Indexed on: 01 Apr '01Published on: 01 Apr '01Published in: Cognition, Technology & Work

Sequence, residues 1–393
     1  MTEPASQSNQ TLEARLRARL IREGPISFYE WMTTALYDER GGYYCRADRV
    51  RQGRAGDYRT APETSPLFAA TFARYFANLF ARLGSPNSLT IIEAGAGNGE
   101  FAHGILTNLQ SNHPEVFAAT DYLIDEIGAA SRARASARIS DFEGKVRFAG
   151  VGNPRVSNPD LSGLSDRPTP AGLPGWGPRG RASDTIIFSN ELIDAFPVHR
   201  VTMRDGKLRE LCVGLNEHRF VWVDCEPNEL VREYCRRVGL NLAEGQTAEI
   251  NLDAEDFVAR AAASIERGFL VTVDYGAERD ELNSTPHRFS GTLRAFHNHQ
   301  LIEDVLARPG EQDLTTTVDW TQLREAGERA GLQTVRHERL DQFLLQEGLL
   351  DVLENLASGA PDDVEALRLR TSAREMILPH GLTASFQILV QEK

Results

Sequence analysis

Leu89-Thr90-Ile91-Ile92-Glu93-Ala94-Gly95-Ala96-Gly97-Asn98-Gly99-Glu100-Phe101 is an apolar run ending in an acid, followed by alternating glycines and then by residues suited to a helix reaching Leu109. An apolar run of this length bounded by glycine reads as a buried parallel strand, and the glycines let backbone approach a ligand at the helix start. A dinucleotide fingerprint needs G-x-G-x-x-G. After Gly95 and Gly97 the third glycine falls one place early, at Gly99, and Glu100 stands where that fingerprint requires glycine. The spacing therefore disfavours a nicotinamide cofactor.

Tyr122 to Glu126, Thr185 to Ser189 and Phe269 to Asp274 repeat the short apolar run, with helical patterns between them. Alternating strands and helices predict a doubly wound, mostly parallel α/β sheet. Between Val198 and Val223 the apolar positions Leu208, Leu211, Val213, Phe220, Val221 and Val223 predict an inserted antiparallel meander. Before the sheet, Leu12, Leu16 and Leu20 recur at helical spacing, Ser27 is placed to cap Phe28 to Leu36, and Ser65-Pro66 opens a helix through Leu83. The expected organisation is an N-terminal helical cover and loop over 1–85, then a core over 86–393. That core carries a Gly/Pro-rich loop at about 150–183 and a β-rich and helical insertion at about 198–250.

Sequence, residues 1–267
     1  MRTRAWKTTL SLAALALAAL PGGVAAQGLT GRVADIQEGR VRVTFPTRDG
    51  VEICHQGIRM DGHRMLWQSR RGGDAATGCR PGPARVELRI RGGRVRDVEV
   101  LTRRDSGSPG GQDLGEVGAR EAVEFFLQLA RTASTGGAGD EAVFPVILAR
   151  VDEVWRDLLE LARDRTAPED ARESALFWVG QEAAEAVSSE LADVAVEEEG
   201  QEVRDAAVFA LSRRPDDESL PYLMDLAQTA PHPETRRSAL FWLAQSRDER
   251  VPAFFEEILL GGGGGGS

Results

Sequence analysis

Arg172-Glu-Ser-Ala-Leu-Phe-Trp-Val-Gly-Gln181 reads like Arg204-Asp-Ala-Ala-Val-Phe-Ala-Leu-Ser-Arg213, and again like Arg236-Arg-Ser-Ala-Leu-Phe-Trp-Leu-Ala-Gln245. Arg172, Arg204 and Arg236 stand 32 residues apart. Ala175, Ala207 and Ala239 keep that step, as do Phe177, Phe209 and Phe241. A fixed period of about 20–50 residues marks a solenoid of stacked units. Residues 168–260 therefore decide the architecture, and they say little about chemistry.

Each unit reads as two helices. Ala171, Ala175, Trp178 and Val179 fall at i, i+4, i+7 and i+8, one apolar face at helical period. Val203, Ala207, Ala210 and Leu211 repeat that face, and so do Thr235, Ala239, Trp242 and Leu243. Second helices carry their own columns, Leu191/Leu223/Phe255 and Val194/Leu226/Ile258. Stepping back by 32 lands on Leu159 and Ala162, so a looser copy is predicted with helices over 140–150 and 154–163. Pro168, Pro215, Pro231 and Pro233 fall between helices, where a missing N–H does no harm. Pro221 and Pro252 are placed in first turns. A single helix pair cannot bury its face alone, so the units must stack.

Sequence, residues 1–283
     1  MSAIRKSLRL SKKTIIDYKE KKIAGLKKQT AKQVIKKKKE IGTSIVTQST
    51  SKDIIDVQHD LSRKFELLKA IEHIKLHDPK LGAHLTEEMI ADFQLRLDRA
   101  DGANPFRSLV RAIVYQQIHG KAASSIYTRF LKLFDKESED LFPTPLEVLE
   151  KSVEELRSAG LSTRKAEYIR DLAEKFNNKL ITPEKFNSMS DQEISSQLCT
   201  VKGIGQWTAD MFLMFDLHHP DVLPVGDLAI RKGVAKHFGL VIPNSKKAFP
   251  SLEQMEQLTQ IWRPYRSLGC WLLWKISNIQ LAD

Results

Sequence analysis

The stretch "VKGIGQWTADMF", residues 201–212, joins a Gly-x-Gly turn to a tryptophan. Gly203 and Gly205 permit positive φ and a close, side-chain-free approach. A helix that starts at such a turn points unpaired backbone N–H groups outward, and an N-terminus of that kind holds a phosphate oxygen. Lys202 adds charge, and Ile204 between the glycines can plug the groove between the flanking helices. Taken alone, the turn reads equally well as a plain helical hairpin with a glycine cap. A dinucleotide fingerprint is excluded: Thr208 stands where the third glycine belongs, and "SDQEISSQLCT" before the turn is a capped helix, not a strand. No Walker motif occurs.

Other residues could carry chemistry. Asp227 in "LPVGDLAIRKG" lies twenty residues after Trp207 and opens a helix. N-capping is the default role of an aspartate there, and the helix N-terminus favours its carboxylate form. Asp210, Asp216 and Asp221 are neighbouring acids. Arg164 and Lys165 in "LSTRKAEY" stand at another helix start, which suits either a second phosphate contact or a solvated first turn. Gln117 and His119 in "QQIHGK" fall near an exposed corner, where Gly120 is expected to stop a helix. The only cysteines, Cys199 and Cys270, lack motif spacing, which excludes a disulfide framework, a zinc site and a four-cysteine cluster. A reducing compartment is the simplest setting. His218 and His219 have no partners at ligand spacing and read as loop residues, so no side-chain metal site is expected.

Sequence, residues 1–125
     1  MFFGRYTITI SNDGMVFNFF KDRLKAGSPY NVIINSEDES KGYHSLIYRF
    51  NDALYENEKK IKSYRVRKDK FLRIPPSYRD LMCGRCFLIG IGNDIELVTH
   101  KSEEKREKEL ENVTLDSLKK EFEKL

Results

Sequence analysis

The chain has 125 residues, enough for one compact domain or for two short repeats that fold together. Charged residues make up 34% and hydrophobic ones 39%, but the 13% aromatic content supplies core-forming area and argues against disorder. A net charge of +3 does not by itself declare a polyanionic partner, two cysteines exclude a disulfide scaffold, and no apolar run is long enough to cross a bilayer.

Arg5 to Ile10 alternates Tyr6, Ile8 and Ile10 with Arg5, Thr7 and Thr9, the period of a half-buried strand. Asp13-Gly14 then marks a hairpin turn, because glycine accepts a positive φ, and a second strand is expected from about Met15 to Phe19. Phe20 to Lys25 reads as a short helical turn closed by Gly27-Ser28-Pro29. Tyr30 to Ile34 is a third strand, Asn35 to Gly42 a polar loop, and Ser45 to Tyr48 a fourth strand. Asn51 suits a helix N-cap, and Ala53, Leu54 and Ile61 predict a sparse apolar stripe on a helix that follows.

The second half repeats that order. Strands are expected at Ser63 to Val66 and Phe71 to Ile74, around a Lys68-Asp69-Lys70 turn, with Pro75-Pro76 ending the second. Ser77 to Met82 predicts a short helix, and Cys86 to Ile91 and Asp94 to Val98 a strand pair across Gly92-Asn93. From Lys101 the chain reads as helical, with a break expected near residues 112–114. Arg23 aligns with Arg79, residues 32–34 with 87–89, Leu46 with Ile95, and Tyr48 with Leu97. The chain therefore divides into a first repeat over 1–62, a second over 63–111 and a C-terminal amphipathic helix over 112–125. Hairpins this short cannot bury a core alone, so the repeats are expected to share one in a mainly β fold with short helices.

The need for information technology-mediated cooperation seems obvious. However, what is not obvious is what this means and what social demands such cooperation may imply. To explore this is the intention of the paper. As a first step the paper performs an etymological analysis of the words telecooperation and telecoordination. Such an analysis indicates that cooperation happens when people engage in the production of a work as if ‘one mind or body’, where their activities fuse together in a way that makes the suggestion of separation seem incomprehensible. In the work they do not merely aim to achieve an outcome, they also ‘insert’ themselves ‘in’ the work in a way that makes it a human achievement rather than a mere product – this is cooperation as working-together. With this notion of cooperation in mind the paper then proceeds to analyse the social conditions for cooperation as working-together. It shows, using the work of Wittgenstein, that language is fundamental to cooperation and the sharing of knowledge – not language as a system for the exchange of information but language as a medium for the co-creation of a local way of doing, a local language, to capture the local distinctions that make a particular local activity significant and meaningful to the participants. The paper then proceeds to question this strong notion of cooperation. It argues that most cooperative activities tend not to conform with such stringent demands. The paper suggests that a cooperative problem is best viewed as a situation in which ambiguity is accepted as a structural element of the interaction. From this perspective the paper suggests that hermeneutics may be a productive way to understand the creation of shared interpretative spaces that makes mediated cooperation possible. The paper concludes with some implications for mediated cooperative work.